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John Hancock Financial Services - Front-Line Customer Service Team of the Year


Gold Stevie Award Winner 2019, Click to Enter The 2020 Stevie® Awards for Sales & Customer Service

Company: John Hancock Financial Services, Boston, MA
Company Description: John Hancock's core retail products in the U.S. focus on providing financial solutions at every stage of our clients' lives. Our product suite includes life insurance, mutual funds, 401(k) plans, long-term care insurance, and annuities. We distribute our products primarily through licensed financial advisors, and through the John Hancock Financial Network.
Nomination Category: Customer Service & Call Center Awards Team Categories
Nomination Sub Category: Front-Line Customer Service Team of the Year - Financial Services Industries

Nomination Title: Keeping Participants First – in a post-DOL world

Tell the story about what this nominated team achieved since the beginning of July 2017 (up to 650 words). Focus on specific accomplishments, and relate these accomplishments to past performance or industry norms. Be sure to mention obstacles overcome, innovations or discoveries made, and outcomes: REDACTED FOR PUBLICATION

Despite preparations to meet new regulations and pressures to streamline workflows and reduce expenses, John Hancock’s Personal Financial Services team (PFS) was still able to achieve record sales and leading customer experience scores. Here’s our story.

At John Hancock, PFS provides phone-based guidance and advice to retirement plan participants who are transitioning to and from their employers.

Like most other financial services companies, PFS was affected by the Department of Labor’s Fiduciary Rule, which was originally scheduled to be phased in between April 2017 and January 2019. The regulation raised the bar for all retirement advisors and institutions through the creation of a new “best-interest” standard when working with participants and investors. To comply, PFS underwent a significant and disruptive two-year effort to change its business model, its products and its processes – many of which would challenge efficiency and results.

Meanwhile, John Hancock was also going through its own sweeping changes, with corporate-wide initiatives focusing on digitization, boosting overall efficiencies and reining in costs. This added a layer of complexity to the rapidly approaching government-imposed deadline, requiring PFS to double-down on its efforts so that it would not skip a beat despite the disruption.

To meet the approaching regulatory deadline, our action steps included:

  • Re-training and re-licensing representatives so that they could service participants under the new best-interest standard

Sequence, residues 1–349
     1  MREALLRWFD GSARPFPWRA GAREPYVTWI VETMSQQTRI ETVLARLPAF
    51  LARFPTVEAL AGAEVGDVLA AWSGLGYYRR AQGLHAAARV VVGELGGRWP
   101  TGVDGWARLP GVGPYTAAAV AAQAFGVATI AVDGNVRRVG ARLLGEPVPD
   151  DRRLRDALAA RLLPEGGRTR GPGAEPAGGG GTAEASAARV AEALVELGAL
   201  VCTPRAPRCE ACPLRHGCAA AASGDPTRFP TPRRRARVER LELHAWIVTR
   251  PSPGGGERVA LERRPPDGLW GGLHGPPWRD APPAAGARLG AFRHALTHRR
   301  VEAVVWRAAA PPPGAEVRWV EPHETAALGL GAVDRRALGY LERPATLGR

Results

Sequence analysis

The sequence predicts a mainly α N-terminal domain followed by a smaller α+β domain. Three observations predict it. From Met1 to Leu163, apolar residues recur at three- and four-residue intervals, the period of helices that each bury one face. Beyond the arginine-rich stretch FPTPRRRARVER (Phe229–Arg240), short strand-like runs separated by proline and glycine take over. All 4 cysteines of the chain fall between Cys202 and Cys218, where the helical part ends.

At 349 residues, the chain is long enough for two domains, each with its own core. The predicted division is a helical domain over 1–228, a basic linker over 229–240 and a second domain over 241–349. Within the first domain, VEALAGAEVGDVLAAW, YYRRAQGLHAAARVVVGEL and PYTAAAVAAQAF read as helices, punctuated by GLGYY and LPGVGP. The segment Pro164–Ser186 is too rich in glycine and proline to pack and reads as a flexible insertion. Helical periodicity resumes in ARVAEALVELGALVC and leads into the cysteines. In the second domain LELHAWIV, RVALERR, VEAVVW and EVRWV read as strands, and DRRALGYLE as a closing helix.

• Updating supervisory standards, re-educating internal business partners and intermediaries, and resetting client expectations
  • Adjusting our rollover product offering and replacing a delivery model that had been in place for a decade
  • Changing compensation plans to reflect the new paradigm
  • Replacing our CX measurement platform to better assess the voice of the customer

Frustratingly, just before the new DOL Rule was set to go into effect; it was officially “killed” by the new administration in Washington.

While many in the financial services industry backpedaled to the old way of doing things, PFS took a deferent approach. We decided to stay with the new best interest standard because it was the right thing for customers – even though sometimes it wasn’t the best thing for our bottom line. For example, our representatives let participants know when it does not make sense to consolidate their money with us… even though we are not required to do so.

Regulatory changes aside, we still had to meet corporate goals around reducing expenses and hitting sales targets. Expense reduction meant being committed to a staffing model that was as lean as possible. Where communications were involved, we increased use of e-channels to minimize print costs. And our Advanced Analytics team helped us utilize available data to target customers more effectively.

Special initiatives also helped us streamline our operational practices, allowing us to realize lower costs in acquiring customers. We leveraged an external consultant to assist in implementing a high-performance program that formalized best practices for hiring and defined drivers of performance excellence. Another consultant helped us focus on our workflows to identify quick wins through the automation of low-value work.

The good news is that our results have shown that adopting the new best interest approach, while at the same time trimming expenses, hasn’t necessarily meant a downward trajectory for our business. In fact, PFS sales are up this year over last (which was a record year). This, despite reducing expenses and staffOf note, those staff reductions were met by not backfilling vacant positions rather than cutting headcount. As a result, morale and engagement have remained very high.

Of equal importance, however, was that PFS representatives have been able to maintain our top quadrant Net Promotor Score. As one customer noted, “I can’t say enough about how my representative helped me during a difficult time.He explained everything to me in an understandable way and was considerate and courteous.”